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Making sense of the confusing alphabet soup of credentials


Imagine this scenario: A state senator, after reviewing a letter from a constituent supporting her bill to remove practice barriers for nurses, asks the nursing organization’s lobbyist, “Is this person a nurse?” These credentials followed the letter-writer’s signature: BSN, MSN, DNP, APRN-BC, CDE, FAANP, FAAN. Even as a nurse, I sometimes have a hard time understanding the alphabet soup of credentials, so imagine how difficult it must be for everyone else.

You work hard to meet the expectations and requirements of colleges, state agencies, and professional organizations to obtain degrees, licenses, certificates, and awards. After all of that work, you want the recognition that comes with placing the appropriate credentials after your name. However, you want to use them appropriately and to benefit your message.

To avoid confusion, follow recommended professional guidelines. This is what the ANA has to say about credentials: “…the use of credentials is an essential component to designate levels of attained education and licensure, certification, and professional achievement. The listing of credentials when identifying a nurse ensures credibility and competence to the consumers of nursing care.” You should also ask yourself, “Why am I using my credentials and who is my target audience?”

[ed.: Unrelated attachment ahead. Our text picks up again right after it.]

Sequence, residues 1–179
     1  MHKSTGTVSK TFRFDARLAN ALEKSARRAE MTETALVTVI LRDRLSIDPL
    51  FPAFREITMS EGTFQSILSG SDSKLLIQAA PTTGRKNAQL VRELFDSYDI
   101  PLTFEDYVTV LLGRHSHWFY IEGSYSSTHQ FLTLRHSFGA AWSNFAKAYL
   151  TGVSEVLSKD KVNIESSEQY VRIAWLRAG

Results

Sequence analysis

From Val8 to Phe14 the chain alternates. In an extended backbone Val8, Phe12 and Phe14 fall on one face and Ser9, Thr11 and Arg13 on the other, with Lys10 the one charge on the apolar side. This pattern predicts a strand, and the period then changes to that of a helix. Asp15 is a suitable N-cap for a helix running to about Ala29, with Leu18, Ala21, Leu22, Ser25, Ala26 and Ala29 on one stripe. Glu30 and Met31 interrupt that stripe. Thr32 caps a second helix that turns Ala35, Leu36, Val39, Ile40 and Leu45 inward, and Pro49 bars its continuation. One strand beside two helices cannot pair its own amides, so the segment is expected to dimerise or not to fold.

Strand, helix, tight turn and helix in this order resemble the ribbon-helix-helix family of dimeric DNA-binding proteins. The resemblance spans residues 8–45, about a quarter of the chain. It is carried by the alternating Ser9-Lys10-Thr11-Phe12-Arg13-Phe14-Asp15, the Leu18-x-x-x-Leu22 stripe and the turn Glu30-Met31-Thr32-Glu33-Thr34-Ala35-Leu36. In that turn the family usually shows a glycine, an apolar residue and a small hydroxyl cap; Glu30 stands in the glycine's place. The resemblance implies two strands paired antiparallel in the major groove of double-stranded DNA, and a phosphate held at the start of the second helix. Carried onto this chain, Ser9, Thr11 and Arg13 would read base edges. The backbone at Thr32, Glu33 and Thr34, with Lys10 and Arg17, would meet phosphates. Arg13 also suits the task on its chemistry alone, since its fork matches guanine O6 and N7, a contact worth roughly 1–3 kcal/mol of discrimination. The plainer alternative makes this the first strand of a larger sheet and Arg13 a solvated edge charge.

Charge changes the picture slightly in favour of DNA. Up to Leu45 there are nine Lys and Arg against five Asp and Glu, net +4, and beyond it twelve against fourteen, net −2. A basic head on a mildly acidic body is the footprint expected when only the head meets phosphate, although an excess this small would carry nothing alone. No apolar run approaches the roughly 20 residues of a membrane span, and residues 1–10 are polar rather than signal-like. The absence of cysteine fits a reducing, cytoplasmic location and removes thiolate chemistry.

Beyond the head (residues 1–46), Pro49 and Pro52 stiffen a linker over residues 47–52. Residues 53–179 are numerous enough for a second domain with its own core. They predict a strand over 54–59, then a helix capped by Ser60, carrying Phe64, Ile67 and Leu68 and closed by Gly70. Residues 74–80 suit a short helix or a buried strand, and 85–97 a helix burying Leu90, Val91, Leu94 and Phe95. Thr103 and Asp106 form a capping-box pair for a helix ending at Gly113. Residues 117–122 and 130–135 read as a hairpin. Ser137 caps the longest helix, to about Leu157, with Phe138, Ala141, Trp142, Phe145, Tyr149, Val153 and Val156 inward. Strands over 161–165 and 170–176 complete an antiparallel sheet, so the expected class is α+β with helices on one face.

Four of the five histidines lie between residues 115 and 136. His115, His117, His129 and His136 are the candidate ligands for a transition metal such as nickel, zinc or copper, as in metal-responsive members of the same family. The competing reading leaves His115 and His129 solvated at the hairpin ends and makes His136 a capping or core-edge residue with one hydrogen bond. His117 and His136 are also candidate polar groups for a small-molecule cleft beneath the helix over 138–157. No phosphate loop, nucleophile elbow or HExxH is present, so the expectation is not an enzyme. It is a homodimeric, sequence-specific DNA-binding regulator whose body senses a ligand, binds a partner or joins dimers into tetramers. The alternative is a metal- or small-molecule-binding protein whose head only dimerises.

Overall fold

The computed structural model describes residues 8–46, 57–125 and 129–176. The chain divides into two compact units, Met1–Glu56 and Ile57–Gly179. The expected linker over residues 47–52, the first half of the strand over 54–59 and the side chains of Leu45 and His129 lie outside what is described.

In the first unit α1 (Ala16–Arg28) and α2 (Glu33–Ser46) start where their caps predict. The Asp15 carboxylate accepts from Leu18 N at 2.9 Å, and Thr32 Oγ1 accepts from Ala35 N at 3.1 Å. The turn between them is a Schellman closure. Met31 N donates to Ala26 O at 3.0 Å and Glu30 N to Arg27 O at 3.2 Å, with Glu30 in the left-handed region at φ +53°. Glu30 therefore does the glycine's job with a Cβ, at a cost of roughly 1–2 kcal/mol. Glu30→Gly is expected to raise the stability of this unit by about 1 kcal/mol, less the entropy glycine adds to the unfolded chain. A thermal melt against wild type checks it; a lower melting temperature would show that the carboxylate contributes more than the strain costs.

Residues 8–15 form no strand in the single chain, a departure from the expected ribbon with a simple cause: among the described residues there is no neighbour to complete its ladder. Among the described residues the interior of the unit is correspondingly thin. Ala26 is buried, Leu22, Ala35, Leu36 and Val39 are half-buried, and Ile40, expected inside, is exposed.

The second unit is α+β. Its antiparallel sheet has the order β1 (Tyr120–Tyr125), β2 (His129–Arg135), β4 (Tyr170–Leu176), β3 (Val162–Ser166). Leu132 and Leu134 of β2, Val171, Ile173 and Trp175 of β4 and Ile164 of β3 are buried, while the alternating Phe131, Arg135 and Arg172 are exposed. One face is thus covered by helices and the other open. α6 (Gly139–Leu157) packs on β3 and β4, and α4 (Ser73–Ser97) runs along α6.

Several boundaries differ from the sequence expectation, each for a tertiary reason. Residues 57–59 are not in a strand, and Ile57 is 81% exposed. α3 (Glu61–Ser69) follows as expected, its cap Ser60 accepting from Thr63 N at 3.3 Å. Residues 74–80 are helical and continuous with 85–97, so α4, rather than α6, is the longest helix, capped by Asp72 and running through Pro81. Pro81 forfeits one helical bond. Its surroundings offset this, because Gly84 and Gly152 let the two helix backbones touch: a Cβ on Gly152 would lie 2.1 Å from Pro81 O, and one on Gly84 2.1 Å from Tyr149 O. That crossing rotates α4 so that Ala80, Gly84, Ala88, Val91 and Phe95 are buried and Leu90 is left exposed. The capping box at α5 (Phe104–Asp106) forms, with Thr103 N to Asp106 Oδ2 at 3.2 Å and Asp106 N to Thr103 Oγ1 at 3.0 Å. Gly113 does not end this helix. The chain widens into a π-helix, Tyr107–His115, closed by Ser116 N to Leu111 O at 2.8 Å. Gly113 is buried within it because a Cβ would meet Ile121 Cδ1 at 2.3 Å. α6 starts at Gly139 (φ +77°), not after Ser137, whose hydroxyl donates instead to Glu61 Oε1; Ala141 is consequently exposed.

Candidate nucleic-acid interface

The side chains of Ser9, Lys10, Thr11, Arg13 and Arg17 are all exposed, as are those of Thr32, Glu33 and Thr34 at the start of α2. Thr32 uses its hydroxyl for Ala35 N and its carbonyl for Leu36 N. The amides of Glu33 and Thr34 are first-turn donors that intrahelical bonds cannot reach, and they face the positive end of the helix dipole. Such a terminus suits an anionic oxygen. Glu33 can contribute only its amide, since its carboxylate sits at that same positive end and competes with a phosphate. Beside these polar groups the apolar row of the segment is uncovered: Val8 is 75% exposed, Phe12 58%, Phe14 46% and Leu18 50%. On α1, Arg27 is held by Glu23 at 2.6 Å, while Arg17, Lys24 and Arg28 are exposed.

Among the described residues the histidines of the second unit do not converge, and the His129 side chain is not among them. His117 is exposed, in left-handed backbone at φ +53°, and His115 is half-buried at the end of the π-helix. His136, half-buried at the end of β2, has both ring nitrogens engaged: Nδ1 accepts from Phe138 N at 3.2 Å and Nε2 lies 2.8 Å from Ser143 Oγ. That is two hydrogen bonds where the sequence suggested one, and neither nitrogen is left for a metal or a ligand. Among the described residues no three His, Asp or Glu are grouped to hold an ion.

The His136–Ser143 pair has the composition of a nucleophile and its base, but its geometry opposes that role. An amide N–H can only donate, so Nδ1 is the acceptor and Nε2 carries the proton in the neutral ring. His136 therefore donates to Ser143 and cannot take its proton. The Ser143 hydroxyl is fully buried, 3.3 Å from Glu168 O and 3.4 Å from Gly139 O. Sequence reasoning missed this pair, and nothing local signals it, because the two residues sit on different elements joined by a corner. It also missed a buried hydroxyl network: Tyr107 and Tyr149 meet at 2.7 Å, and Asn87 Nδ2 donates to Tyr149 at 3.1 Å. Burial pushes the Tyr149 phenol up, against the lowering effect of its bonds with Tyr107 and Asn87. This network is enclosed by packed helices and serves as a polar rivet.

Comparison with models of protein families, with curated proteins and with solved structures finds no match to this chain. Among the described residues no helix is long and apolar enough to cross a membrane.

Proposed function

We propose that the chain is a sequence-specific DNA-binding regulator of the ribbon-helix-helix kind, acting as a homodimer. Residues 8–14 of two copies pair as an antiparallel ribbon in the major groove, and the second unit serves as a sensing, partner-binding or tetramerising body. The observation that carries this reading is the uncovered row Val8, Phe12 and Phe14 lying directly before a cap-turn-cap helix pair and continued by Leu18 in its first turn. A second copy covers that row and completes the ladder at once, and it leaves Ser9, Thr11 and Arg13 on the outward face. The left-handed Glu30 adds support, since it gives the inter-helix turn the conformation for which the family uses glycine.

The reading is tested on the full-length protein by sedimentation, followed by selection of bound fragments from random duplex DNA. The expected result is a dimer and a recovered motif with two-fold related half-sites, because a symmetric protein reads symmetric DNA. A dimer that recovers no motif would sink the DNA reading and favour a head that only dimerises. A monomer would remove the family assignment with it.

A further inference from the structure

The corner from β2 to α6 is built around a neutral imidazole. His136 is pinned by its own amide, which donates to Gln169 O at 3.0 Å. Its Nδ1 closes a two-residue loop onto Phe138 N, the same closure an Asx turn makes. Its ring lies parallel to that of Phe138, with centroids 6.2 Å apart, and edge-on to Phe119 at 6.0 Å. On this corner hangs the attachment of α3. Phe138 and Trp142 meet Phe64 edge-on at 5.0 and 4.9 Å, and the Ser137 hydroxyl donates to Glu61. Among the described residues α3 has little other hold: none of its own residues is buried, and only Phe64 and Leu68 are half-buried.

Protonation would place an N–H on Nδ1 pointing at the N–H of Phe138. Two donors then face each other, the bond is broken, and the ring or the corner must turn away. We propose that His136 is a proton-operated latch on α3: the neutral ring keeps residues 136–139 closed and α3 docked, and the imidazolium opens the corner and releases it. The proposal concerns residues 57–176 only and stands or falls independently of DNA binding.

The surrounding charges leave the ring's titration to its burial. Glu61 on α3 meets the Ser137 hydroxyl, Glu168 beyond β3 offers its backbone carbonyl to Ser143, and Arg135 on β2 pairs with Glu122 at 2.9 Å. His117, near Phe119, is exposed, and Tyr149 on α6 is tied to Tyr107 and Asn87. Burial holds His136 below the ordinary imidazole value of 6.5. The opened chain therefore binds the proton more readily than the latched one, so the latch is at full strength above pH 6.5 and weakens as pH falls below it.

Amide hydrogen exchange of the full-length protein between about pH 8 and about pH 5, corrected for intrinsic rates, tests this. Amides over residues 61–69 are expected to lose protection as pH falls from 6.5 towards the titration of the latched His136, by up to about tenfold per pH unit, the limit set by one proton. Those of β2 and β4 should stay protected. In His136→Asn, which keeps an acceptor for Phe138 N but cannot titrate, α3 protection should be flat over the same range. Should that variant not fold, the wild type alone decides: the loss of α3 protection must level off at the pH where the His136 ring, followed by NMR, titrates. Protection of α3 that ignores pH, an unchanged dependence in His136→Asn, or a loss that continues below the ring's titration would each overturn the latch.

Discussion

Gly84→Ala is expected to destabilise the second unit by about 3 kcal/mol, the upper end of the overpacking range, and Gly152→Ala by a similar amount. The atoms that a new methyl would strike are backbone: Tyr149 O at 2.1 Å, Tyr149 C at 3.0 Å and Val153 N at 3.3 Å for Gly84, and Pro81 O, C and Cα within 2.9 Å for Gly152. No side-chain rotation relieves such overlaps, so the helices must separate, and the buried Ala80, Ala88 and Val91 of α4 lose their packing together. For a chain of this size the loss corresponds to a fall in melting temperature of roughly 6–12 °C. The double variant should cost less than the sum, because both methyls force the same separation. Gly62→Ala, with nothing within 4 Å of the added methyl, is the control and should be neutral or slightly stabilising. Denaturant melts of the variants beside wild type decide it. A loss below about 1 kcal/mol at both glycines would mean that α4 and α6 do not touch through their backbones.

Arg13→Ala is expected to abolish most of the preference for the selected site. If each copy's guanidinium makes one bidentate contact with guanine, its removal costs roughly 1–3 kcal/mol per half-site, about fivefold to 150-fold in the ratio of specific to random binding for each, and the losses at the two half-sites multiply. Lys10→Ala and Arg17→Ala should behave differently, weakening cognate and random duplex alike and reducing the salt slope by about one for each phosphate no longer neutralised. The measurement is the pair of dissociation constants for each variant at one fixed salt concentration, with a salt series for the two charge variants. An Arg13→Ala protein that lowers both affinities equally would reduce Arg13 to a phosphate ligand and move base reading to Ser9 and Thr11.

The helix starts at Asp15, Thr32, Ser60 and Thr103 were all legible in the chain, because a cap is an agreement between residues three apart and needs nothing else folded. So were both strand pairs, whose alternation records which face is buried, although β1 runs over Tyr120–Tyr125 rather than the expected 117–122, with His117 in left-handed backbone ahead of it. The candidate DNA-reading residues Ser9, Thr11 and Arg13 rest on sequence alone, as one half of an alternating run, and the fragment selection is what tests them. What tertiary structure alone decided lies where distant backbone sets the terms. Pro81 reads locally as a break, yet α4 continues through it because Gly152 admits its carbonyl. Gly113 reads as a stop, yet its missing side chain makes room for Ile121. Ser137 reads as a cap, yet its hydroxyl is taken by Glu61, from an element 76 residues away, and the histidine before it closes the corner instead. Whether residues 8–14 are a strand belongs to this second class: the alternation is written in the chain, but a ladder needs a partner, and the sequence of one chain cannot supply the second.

Here’s an overview of key credentials and recommendations on how and when to use them.

Educational credentials

Educational credentials include degrees or diplomas. Undergraduate nurses generally receive an associate degree in nursing (ADN) or a bachelor of science in nursing (BSN). The most common nursing graduate degrees are master of science in nursing (MSN), doctor of philosophy in nursing (PhD), doctor of nursing science (DNS), and doctor of nursing practice (DNP).

The ANA recommends you list the highest educational degree first, because once the criteria for a degree has been met, it’s permanent, unlike, for instance, a certification that is not renewed. You should also capitalize credentials without using periods, but with commas between each credential. If all of your degrees are from the same program area (for example, all nursing), only the highest degree should be provided (for example, S. Barton, MSN, not S. Barton, BSN, MSN). However, with different areas of focus, additional degrees can be included (for example, S. Barton, MSN, MBA).

Legal credentials

A nursing license is a legal credential, with each state requiring the title of registered nurse (RN). In the United States, specific criteria to obtain a license include passing the National Council Licensing Examination (NCLEX) and graduating from a state-approved nursing school. Your license credentials follow your educational credentials (for example, C. Hathaway, BSN, RN).

Legal credentials for nurses meeting criteria beyond that of an RN vary from state to state. The Consensus Model for Advanced Practice Registered Nursing- APRN Regulation, which is supported by many nursing organizations, recommends that the licensed title be advanced practice registered nurse (APRN). Within this model, there are four legal recommended titles or roles: certified registered nurse anesthetist (CRNA), certified nurse-midwife (CNM), clinical nurse specialist (CNS), and certified nurse practitioner (CNP). If you have an APRN license, you don’t need to include your RN title (for example, P. Crane, MSN, APRN, CNM). Keep in mind that not all states have approved this model. Other license titles include advanced registered nurse practitioner (ARNP), advanced practice nurse (APN), or adult nurse practitioner (ANP).

Professional credentials